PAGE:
Scientists have drawn on nearly 1,000 brain scans to confirm what many had surely concluded long ago: that stark differences exist in the wiring of male and female brains.
Maps of neural circuitry showed that on average women’s brains were highly connected across the left and right hemispheres, in contrast to men’s brains, where the connections were typically stronger between the front and back regions.
Ragini Verma, a researcher at the University of Pennsylvania, said the greatest surprise was how much the findings supported old stereotypes, with men’s brains apparently wired more for perception and co-ordinated actions, and women’s for social skills and memory, making them better equipped for multitasking.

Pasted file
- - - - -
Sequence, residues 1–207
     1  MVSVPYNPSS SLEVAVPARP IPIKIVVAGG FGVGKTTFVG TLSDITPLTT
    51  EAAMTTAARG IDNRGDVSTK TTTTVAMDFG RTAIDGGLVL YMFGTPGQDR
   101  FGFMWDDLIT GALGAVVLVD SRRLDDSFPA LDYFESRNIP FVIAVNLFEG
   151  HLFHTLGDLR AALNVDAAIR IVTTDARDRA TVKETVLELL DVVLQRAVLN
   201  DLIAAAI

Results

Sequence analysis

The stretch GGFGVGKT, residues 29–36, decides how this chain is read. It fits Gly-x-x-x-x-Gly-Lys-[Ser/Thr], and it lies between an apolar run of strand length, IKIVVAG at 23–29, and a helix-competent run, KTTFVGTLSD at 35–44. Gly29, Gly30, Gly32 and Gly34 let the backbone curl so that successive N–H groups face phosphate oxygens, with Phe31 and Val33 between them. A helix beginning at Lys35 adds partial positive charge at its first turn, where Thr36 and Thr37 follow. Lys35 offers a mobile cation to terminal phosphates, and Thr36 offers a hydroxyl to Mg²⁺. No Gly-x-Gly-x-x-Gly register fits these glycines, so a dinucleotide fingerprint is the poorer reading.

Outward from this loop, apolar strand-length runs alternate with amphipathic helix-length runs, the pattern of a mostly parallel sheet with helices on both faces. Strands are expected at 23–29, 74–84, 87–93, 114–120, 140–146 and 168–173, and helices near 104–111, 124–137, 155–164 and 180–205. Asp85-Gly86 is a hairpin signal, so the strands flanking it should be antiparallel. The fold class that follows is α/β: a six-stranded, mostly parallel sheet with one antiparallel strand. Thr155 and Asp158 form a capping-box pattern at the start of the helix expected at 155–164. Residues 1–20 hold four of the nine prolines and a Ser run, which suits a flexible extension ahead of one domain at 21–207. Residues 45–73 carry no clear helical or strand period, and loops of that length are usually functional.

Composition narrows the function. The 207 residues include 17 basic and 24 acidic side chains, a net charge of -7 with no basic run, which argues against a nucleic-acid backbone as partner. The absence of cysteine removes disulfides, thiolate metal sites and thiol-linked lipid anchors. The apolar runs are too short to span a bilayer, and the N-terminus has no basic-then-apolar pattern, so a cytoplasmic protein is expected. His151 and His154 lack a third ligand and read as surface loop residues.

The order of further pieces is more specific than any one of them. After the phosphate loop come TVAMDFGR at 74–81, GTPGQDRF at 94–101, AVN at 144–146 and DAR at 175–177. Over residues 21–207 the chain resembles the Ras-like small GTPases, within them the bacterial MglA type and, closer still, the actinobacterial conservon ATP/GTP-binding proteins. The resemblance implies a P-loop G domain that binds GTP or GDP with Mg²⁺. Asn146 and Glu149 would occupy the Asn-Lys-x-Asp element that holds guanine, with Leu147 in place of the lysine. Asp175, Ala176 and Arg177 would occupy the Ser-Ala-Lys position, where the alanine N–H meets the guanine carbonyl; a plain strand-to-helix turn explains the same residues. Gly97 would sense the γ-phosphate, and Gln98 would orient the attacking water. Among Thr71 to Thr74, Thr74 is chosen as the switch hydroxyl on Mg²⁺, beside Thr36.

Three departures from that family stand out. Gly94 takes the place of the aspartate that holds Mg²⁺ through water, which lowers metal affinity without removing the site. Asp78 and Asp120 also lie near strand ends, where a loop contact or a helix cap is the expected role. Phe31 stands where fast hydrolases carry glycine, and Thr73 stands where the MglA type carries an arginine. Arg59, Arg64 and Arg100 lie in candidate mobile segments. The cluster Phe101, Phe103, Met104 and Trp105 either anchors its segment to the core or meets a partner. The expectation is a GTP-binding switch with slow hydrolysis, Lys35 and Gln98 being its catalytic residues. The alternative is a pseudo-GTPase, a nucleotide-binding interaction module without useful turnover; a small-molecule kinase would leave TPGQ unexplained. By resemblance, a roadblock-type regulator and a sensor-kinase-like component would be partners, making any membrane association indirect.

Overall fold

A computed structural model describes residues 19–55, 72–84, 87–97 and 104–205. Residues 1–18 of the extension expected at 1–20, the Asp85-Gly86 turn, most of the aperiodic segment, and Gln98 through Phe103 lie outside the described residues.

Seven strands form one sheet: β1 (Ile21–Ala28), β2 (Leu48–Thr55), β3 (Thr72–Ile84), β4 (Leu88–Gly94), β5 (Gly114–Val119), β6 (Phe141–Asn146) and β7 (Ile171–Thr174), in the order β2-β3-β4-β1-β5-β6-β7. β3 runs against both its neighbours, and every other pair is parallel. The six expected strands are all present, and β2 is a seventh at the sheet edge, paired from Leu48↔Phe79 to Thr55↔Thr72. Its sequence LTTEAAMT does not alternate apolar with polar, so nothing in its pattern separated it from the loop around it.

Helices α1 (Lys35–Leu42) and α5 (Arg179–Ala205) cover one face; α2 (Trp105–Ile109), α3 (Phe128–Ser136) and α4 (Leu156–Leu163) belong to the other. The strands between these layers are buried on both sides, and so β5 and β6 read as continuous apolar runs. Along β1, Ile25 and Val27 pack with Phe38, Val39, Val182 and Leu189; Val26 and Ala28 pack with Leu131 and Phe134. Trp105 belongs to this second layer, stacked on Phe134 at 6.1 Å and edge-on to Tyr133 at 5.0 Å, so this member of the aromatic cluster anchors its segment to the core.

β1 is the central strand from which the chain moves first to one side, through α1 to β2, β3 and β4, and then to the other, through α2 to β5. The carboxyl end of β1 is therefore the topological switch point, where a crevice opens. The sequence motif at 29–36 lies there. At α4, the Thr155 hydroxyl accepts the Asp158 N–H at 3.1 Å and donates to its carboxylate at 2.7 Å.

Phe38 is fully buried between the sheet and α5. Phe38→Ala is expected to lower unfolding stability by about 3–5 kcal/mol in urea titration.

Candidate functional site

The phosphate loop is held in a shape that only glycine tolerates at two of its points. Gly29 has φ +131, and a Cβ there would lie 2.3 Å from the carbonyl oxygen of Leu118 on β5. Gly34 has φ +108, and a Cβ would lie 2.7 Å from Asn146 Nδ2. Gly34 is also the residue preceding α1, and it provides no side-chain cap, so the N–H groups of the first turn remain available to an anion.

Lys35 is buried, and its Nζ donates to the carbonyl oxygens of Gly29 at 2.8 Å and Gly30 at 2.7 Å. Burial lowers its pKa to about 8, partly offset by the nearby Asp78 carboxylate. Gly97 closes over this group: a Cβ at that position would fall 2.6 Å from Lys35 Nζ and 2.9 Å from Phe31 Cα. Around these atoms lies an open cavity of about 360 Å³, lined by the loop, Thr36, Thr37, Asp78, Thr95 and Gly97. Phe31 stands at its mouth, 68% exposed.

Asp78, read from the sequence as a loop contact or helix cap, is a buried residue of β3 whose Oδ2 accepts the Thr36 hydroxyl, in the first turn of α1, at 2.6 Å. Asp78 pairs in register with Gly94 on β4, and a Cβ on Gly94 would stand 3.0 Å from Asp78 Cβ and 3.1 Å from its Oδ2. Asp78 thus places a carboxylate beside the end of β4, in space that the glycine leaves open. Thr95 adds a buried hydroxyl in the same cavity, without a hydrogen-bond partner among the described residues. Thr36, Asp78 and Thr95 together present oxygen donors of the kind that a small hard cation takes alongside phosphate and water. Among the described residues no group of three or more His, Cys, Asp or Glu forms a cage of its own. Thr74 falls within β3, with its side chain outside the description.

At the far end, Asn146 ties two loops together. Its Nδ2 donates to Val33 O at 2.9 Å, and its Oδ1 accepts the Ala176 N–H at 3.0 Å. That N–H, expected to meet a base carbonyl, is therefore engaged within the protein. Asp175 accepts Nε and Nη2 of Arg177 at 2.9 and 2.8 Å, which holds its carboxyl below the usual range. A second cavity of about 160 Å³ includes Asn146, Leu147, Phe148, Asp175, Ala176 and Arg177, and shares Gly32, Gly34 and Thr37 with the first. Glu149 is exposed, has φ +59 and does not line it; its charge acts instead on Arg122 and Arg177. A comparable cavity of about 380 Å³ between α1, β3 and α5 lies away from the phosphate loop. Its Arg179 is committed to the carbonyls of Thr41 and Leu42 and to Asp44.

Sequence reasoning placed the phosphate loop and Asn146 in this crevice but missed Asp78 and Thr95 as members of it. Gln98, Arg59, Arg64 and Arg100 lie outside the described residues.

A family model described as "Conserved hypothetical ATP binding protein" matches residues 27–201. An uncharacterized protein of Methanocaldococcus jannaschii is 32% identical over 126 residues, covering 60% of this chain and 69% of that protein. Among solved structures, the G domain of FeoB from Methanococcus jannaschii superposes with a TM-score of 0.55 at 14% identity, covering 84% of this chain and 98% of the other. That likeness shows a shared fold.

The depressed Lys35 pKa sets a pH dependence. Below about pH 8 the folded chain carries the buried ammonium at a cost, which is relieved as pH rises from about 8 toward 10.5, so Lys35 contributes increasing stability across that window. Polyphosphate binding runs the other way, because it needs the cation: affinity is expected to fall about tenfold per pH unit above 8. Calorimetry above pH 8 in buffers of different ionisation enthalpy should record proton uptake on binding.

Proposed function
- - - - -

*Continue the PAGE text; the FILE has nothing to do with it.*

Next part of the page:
Mr Jender, who sent the link to me, writes:
Now, my very basic understanding of neuroscience is that connections are drawn through experience; so that if, say, a young child were raised to value social relationships above all, that child’s brain scans would likely show those parts associated with that trait lit up like the proverbial Christmas tree. In other words, wouldn’t this study just show the effects of what we place as values for individuals throughout their lives?
It seems to me Mr Jender is likely to be right. Looking forward to the Bad Science column sure to be published on this in the same newspaper this version is from.